In the depths of the ocean reduces the amount of cold dense water

Antarctic bottom water layer, the temperature is below zero (dark blue areas indicate very thick, white — a lack of water), cover the bottom of the ocean around Antarctica (center, highlighted in gray). Shows the rate at which this layer waned during the study (meters per decade). Plunge pools separated by thin gray lines. Note: sea water remains liquid even at temperatures close to -2? C, because of the high salt content.

A significant decrease in the number of cold deep water — the so-called Antarctic bottom water — in the Southern Ocean in the years 1980-2000.


Sara Perks at Washington State University, and Gregory Johnson of the National Oceanic and Atmospheric Administration (USA) found that the Antarctic Bottom Water mass decreases at an average rate of about 8 million tons / s, which is about 50 times greater than the average volume flow of Mississippi and four times less Gulf Stream in the Florida Straits.

Antarctic Bottom Water mass is formed in a few places around Antarctica where the sea water is cooled by air and becomes more saline due to the formation of ice. Condense water then sinks to the bottom and flows north, filling part of the ocean's depths greater rigor around the world and slowly mixed with warm overlying layers.

These underlying currents play an important role in transporting heat and carbon, thus regulating the planet's climate. Changes in temperature, salinity, dissolved oxygen and the amount of carbon dioxide has important implications: for example, they affect sea level rise and the rate of absorption of heat the Earth.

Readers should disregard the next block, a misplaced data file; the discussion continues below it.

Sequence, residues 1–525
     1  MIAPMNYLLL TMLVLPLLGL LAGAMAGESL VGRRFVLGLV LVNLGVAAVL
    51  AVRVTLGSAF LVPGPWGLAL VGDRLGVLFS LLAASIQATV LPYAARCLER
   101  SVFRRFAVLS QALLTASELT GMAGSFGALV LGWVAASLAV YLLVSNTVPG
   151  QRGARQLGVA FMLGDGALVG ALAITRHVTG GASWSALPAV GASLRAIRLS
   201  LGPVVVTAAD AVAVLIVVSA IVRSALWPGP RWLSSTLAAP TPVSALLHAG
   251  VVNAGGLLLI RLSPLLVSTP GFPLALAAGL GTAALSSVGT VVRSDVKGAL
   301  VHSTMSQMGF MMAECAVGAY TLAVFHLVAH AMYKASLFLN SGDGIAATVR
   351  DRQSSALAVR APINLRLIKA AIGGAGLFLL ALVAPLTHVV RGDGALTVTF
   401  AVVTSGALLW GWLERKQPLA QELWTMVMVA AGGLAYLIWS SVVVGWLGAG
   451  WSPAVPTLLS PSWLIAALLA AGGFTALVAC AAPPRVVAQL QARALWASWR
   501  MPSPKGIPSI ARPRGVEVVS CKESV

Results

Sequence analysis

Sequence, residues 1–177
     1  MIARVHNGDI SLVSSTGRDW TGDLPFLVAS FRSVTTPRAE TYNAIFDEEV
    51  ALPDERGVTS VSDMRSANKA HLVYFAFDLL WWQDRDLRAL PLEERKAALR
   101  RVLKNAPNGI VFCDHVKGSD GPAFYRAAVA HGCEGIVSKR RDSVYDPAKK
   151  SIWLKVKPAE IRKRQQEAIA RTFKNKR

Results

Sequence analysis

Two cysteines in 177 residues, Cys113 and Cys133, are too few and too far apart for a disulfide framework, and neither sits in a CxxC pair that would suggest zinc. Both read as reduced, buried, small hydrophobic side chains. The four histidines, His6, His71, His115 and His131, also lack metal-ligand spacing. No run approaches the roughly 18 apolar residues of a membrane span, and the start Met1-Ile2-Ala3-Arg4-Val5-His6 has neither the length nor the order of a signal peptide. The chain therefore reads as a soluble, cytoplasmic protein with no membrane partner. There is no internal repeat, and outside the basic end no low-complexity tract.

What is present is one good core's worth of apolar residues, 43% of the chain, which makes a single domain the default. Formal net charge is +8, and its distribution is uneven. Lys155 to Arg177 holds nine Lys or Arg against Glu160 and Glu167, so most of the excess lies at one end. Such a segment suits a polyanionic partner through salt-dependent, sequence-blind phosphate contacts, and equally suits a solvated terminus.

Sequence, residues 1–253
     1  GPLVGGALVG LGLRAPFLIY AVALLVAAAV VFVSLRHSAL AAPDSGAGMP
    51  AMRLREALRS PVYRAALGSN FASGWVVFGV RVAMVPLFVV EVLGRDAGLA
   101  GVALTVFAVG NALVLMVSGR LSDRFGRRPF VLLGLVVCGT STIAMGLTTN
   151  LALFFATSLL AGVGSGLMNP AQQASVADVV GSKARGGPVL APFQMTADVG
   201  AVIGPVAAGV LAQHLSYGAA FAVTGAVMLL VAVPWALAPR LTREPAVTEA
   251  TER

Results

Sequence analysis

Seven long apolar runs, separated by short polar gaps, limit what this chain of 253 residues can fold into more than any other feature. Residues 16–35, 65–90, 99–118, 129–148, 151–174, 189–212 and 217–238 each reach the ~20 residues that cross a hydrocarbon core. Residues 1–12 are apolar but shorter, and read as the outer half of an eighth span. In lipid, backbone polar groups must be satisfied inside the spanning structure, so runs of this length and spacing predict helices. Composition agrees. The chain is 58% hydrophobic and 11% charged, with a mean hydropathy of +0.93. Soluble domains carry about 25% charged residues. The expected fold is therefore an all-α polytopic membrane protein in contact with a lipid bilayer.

Previous studies have shown that in recent decades bottom water warming and freshening. This time, it was found out also that such waters formed less. "We're not sure if this is part of the long-term trend or cycle," — said Mr. Johnson.

Expert also emphasizes that recent studies often focus on currents in the North Atlantic, which is the main indicator of climate change. But the Southern Ocean has undergone significant changes, which also play an important role in the climate cycle.

The analysis uses high-precision temperature measurements carried out on the International Program of oceanographic research ships.

The study is published in the Journal of Climate.

Prepared according to the National Oceanic and Atmospheric Administration of the United States.


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